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Wait worsens for world gender gap to close

The world’s women have a 134-year wait for gender parity, which will take another five generations, according to the latest assessment by the World Economic Forum.

And that’s three years longer than was predicted just a year ago.

The WEF’s Global Gender Gap 2024 Insight Report found a 0.1 percentage point improvement on last year, rating the world’s global gender gap at 68.5 per cent as Europe continued to dominate those countries closest to parity.

However, it said “the lack of meaningful, widespread change since the last edition effectively slows down the rate of progress to attain parity”.

The World Bank estimates closing the gender gap in employment and entrepreneurship could increase global GDP by more than 20 per cent, highlighting the massive impact women can have.

The report found countries that proactively address gender gaps in their workforce experience increased productivity, returns on investment and stronger innovation.

“They are starting to see gender parity as a competitive advantage in an increasingly tough macro and business environment,” it said.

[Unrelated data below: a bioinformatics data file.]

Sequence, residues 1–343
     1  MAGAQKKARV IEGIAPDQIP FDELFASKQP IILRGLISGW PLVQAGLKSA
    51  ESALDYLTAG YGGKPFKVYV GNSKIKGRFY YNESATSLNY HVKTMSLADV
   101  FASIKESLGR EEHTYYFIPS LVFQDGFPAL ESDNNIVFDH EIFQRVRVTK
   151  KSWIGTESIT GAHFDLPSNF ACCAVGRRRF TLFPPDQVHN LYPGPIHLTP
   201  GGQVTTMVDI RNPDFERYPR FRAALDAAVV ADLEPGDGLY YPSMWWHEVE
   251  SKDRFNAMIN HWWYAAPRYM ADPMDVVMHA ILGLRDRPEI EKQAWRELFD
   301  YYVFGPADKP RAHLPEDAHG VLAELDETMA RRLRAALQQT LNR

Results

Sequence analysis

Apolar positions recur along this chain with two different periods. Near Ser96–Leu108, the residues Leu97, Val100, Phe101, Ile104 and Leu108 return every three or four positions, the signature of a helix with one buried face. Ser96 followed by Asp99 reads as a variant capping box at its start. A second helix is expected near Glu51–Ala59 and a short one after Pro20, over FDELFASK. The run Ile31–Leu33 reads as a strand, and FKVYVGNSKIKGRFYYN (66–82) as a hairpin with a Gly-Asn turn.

Australia’s ranking did improve in 2024 – it now ranks 24th out of 146, up from 26th last year – but we sit far behind our sisters across the ditch in New Zealand, which ranked 4th.

World Economic Forum managing director Saadia Zahidi said progress was happening, but it was alarmingly slow.

“Despite some bright spots, the slow and incremental gains highlighted in this year’s Global Gender Gap Report underscore the urgent need for a renewed global commitment to achieving gender parity, particularly in economic and political spheres,” Ms Zahidi said.

“We cannot wait until 2158 for parity. The time for decisive action is now.”

While the number of women in the workforce has gradually increased, significant disparities persist in terms of wages, leadership roles, and representation in higher-paying industries.

The report notes that globally, women continue to earn less than men for similar work and are underrepresented in senior management positions.

A stack of 10 coins with a blue male gender symbol on top is next to a smaller stack of 5 coins with a pink female gender symbol on top, highlighting the gender pay gap. This disparity underscores the importance of supporting women in business and encouraging innovative business ideas for women.